Even so, many economists agree the euro zone doesn’t really need the help anymore. Marco Annunziata, chief economist of General Electric, notes the euro zone’s current growth rate of around 2 percent is well above its potential, meaning it doesn’t need additional cash from the ECB to keep running. Meanwhile, financial risks have increased, since record low interest rates force banks and investors into more dangerous products to earn their keep. “Like any medication there are side effects, and these are growing,” Commerzbank CEO Martin Zielke told Handelsblatt.
But there is the matter of credibility. The ECB has already said it will keep the program running at its current monthly pace through December. Changing course now would shock financial markets. That’s one reason most economists don’t expect the ECB to lay out its plans for 2018 on Thursday. “The ECB clearly doesn’t need to be in any rush in terms of tightening policy,” said Elga Bartsch, chief European economist of Morgan Stanley and another member of the ECB Shadow Council.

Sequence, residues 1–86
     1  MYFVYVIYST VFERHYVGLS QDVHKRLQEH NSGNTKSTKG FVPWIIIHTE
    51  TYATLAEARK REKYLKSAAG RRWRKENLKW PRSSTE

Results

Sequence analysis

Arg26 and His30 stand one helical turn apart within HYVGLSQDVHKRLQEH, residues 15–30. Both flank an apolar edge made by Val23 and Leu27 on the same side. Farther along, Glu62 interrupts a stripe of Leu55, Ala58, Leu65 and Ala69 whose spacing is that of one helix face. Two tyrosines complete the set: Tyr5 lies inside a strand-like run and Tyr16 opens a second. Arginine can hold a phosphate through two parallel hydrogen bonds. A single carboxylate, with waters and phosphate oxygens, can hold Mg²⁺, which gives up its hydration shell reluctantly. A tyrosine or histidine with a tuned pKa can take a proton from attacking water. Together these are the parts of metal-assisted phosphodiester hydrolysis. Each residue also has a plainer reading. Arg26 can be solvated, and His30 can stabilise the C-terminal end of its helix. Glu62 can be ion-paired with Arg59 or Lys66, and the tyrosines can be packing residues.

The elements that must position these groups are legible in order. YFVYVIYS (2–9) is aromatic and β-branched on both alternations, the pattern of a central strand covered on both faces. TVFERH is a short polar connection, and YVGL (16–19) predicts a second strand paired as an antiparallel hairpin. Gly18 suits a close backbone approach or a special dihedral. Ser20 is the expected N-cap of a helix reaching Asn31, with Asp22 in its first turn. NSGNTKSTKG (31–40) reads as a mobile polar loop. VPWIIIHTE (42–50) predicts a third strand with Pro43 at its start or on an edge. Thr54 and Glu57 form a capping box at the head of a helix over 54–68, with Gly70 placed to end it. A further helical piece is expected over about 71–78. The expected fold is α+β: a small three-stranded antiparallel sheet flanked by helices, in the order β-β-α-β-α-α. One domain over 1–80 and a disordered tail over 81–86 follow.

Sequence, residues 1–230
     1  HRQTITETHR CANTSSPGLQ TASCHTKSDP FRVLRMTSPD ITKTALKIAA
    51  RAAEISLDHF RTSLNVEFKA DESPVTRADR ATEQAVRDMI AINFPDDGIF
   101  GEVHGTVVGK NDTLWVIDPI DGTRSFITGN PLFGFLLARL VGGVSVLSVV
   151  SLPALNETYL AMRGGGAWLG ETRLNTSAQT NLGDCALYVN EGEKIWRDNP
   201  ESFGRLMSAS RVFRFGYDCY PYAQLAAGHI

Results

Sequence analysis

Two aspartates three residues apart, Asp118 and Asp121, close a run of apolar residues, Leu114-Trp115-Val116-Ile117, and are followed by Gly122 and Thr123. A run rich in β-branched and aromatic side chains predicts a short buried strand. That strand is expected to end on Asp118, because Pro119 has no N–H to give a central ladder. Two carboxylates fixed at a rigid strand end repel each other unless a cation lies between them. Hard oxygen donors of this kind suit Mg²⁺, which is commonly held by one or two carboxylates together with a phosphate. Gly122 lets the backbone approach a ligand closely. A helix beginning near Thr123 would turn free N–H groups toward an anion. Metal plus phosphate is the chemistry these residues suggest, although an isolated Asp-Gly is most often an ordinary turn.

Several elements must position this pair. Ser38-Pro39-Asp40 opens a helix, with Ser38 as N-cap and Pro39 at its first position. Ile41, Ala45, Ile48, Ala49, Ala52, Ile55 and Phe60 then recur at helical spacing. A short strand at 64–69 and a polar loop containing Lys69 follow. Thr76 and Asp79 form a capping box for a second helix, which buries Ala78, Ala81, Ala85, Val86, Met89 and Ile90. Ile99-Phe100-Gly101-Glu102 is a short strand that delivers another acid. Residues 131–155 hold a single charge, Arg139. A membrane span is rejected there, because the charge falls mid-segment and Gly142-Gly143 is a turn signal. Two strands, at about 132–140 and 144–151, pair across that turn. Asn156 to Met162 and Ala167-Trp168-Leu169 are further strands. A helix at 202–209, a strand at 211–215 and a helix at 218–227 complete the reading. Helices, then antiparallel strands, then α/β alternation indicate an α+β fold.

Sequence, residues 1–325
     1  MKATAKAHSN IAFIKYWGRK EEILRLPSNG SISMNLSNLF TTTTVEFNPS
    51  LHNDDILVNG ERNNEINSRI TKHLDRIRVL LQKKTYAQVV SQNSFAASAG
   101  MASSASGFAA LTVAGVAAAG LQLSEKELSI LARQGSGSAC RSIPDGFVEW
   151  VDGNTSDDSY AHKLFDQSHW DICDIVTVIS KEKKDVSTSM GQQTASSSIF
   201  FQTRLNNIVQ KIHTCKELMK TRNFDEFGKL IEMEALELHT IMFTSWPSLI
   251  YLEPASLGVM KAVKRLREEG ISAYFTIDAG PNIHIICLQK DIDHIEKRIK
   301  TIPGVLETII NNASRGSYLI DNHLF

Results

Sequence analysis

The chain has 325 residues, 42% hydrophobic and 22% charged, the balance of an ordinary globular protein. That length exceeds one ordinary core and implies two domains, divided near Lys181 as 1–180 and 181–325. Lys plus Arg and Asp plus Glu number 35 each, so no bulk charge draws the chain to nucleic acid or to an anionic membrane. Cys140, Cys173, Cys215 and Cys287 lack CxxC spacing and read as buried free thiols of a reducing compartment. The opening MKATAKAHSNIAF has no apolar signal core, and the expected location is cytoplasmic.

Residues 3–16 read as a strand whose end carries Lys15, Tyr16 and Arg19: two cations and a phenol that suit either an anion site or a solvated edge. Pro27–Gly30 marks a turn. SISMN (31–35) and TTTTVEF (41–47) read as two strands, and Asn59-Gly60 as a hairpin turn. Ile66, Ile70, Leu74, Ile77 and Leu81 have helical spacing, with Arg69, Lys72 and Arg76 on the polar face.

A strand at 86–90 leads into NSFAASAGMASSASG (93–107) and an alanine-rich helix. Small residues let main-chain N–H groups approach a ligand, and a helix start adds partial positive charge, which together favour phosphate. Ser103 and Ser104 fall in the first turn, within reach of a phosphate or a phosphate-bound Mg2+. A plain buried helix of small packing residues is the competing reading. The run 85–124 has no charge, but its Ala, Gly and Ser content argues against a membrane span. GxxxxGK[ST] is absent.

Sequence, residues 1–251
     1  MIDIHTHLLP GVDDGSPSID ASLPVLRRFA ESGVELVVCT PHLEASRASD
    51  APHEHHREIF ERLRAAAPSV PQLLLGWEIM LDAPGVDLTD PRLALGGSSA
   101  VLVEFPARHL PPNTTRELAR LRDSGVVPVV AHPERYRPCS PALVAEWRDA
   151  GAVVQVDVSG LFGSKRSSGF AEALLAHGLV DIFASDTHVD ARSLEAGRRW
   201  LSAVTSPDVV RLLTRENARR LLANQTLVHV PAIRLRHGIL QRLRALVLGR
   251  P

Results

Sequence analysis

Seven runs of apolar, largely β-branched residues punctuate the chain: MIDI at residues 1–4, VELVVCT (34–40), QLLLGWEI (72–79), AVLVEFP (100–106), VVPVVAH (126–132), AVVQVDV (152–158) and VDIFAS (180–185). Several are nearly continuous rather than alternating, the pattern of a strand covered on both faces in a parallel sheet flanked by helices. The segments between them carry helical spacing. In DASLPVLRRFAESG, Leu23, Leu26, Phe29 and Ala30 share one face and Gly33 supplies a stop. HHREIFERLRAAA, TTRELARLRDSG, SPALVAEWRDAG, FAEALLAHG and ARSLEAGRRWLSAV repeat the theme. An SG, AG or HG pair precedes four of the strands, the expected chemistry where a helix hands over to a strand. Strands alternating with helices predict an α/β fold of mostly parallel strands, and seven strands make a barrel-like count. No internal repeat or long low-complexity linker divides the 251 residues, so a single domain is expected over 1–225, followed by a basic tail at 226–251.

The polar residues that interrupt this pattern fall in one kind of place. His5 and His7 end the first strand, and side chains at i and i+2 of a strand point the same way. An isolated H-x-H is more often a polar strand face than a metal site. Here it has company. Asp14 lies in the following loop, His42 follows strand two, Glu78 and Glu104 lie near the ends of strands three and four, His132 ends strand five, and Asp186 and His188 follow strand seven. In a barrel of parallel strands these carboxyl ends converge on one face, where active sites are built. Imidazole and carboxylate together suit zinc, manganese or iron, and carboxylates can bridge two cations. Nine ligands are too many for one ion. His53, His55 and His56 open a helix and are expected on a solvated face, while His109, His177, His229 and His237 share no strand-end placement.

Waiting until October has other benefits, according to Ms. Bartsch. It gives the central bank more time to gather information on how the 19-nation euro zone’s economy and financial conditions are shaping up for the rest of the year. Waiting also allows the ECB to play a bit of a cat-and-mouse game with the United States – and thereby affect the path of the euro currency. Before the ECB’s next meeting in October, the Federal Reserve will hold its own meeting to decide whether or not to raise interest rates in the United States.
The Fed has already blazed a trail for the ECB. The US central bank started cutting its own bond-buying program, known as quantitative easing, back in December 2013. It has also raised interest rates, which were brought down to a record low of 0 percent in the aftermath of the 2008 financial crisis, back up to a level of 1-1.25 percent. At a meeting later this month, the Fed will decide whether to raise interest rates even further.